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Reproductive Strategy

An Overview

In poison-oak the sexes are separate. Heavy blossoming begins about April 1st, and peaks late that month; the odor of the pollen can be smelled then a distance of fifty feet. Poison-oak pollen is not toxic, perhaps because it uses insects as pollinators; plants in the same family that wind pollinate have poisonous pollens.

A huge amount of seed is set. Most of it is dropped as the soil dries out; only in the more favorable locations does the seed mature. This has the effect of seeding the best locations most heavily.

Poison-oak uses birds to distribute part of its seed; seasonally, birds get up to 25% of their food from poison-oak. The immature seeds are non-nutritious and cause stomach pain. However, the mature seed is sugar coated, and the poison has changed to a gentle laxative. Birds absorb the sugar, and also soften the seeds coat, which will help the seed germinate.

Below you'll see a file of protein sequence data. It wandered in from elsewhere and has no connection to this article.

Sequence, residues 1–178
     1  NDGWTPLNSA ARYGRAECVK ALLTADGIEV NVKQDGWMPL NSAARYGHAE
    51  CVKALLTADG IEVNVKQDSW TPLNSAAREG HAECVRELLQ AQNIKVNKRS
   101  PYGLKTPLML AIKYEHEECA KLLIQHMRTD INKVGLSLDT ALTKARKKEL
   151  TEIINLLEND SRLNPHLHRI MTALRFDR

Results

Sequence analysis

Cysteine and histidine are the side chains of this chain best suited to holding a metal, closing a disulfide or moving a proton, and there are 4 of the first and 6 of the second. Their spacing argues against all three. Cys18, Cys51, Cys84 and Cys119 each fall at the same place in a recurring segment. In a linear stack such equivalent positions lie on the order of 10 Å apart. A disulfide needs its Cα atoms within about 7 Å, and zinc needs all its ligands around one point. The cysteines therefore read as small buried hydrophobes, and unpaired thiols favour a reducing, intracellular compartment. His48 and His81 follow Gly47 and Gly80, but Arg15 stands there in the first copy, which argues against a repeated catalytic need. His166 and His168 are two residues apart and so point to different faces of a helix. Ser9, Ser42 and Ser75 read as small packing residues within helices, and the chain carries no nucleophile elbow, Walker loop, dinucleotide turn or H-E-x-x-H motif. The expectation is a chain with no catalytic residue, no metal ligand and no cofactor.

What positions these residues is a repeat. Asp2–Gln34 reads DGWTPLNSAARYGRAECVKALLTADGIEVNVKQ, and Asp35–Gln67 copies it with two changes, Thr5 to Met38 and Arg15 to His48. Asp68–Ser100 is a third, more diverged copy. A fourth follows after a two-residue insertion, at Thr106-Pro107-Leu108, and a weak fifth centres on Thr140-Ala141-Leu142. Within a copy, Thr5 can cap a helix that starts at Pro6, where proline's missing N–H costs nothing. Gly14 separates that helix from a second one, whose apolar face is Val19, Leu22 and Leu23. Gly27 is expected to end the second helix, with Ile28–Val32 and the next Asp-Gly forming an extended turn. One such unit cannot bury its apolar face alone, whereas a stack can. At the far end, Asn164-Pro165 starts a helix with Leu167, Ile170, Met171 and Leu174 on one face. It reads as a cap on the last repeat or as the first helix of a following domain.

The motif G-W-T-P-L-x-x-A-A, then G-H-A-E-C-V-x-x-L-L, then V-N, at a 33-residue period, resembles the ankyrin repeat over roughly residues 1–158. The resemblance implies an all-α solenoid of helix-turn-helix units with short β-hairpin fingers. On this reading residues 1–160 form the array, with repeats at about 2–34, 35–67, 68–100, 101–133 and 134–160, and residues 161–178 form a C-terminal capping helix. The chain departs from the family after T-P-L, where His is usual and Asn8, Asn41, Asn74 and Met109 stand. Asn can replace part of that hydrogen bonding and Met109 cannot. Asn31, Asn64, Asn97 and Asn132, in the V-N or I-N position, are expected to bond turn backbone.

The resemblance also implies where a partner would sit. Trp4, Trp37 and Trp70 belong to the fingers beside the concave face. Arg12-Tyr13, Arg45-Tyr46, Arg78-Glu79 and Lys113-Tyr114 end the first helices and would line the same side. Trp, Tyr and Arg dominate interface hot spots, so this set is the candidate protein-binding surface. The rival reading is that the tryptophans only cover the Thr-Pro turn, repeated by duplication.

Having eaten, birds move to cover to digest their food, and poop in as little as 15 minutes (Morro Bay State Park Museum of Natural History, Bird Adaptations, pp. 25-26). At the time of year when the poison-oak seed is ripe, the deciduous trees like willow and poplar have lost their leaves; so the birds favor the coast live oak.

For germination and early growth, poison-oak prefers reduced light and constant moisture. Under the oaks it is always shady, and there is a six inch layer of leaf litter that holds the winter rains like a sponge.

It takes 3 to 5 years for the plant to reach sexual maturity. During those years it grows towards the strongest light. With a little luck it will penetrate a canopy, and be able to produce more seed.

 

All content copyright Dr. Curt Beebe. Please do not use without permission.